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loosely based on the titular work, but set in the time of its filming--- the immediacy of the war is palpable.
An American sergeant (a wonderful amateur who actually was an American sergeant) is visiting a town close to Canterbury when a crime occurs against a young woman he has just met. He soon learns that this is but one in a series of six similar attacks.
That sounds dry, but the film is anything but: it shows small town English life, how children coped with the war (a brilliant scene recalls quite vividly, "Lord of the Flies"), and the impact of the war on those at home--- and much more!
The female lead is brilliant, a very young Sheila Sim (soon to marry Richard Attenborough--- and remain so married until her death, almost seventy years later) who is so natural you'd expect to meet her in any small English town.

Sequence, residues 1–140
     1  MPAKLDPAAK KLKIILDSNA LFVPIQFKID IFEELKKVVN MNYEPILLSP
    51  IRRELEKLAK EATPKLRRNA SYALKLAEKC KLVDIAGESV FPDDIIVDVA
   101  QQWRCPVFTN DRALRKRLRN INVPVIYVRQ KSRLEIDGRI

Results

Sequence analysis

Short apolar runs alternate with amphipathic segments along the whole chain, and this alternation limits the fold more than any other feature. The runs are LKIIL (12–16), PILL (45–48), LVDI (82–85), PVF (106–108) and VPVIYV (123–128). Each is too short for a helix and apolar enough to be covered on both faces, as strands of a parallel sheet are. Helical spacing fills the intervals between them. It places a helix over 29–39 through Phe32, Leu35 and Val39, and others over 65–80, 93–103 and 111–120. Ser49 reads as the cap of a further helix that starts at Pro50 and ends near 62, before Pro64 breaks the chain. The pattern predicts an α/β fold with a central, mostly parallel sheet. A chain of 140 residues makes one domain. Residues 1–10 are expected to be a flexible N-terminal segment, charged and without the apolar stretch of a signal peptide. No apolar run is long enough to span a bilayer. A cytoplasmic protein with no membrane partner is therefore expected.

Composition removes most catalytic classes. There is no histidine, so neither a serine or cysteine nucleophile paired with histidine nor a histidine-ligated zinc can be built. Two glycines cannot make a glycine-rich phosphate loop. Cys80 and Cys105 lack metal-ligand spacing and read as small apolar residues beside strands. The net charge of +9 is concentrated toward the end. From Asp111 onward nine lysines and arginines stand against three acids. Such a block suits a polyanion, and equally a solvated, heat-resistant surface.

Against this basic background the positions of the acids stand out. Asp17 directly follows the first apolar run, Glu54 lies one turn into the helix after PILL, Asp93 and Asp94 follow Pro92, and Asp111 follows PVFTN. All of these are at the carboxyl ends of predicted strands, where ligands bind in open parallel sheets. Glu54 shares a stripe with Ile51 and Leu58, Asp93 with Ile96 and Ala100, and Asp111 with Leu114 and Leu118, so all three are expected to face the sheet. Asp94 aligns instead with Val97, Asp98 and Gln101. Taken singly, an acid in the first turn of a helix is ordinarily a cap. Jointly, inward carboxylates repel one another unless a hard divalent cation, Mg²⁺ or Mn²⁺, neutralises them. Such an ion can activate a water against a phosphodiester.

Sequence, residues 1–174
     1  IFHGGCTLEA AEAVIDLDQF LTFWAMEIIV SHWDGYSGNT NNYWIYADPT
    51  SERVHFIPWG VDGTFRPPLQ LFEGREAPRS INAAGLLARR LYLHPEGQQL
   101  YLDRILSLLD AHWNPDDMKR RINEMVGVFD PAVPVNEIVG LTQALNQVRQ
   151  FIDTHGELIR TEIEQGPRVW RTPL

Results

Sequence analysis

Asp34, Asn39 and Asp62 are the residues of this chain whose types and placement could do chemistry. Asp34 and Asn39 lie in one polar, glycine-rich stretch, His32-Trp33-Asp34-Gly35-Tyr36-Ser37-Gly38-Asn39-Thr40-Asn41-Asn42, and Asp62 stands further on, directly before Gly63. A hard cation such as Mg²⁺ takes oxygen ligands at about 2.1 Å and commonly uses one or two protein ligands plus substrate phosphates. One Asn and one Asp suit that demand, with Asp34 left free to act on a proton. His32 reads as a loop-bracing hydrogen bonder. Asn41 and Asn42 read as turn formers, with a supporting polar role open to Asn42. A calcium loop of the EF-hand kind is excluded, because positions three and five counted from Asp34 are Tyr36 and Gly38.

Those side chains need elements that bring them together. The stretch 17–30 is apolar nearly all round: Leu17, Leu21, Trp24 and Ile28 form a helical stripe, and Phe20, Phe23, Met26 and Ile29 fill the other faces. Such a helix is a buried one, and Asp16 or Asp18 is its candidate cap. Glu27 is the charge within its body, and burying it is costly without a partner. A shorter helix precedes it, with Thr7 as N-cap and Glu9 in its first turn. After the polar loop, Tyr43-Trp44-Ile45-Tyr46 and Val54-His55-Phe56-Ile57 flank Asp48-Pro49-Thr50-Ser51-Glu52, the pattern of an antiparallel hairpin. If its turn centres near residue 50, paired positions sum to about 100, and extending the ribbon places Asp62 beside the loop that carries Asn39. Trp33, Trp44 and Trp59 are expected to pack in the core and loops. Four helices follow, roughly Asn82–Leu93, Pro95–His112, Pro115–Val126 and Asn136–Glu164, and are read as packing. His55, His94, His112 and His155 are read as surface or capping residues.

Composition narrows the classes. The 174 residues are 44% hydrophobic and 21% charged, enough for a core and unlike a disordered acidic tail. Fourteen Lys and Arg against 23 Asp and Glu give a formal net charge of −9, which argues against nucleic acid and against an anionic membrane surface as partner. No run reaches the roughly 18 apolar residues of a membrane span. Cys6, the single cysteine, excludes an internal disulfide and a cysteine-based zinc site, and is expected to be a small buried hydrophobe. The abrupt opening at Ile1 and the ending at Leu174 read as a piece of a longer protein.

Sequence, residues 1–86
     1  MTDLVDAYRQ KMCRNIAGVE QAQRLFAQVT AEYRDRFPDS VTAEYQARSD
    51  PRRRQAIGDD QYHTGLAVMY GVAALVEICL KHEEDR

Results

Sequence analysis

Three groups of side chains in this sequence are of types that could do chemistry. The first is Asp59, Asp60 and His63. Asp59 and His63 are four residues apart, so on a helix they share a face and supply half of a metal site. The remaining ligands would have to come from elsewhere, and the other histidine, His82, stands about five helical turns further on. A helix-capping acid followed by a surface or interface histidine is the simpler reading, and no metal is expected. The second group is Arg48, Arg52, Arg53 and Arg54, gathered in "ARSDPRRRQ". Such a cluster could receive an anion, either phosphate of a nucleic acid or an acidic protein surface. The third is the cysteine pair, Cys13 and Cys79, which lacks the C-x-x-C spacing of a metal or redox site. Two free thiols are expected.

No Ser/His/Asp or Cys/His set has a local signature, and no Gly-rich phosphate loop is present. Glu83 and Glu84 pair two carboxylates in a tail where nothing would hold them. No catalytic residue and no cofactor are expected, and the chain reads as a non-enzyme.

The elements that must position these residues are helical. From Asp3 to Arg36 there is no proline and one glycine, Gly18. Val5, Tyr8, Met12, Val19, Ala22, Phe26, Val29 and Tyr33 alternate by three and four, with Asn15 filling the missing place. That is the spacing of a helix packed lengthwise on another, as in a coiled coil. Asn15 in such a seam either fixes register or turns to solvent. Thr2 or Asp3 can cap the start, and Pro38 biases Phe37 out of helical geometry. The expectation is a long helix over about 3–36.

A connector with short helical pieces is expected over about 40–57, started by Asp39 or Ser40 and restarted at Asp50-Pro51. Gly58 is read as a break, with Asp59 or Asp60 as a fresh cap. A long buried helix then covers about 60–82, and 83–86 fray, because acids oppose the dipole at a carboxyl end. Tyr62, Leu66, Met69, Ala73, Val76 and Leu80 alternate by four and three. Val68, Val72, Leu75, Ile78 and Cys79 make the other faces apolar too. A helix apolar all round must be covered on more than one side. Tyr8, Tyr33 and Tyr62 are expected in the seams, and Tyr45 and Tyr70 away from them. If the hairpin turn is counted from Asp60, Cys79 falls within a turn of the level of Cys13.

Pressburger and Powell made many exceptional films, but this one was never excelled. It is a film within a film, done with so much cleverness you don't realize it until the very end (I won't spoil it).
It was excellent. Also, to just look at it and witness the ending of British rural life. Rural became near and that changed it dramatically.
Saw it about 15 years ago. Just about anything Powell and Press burger did in the 40s was great!
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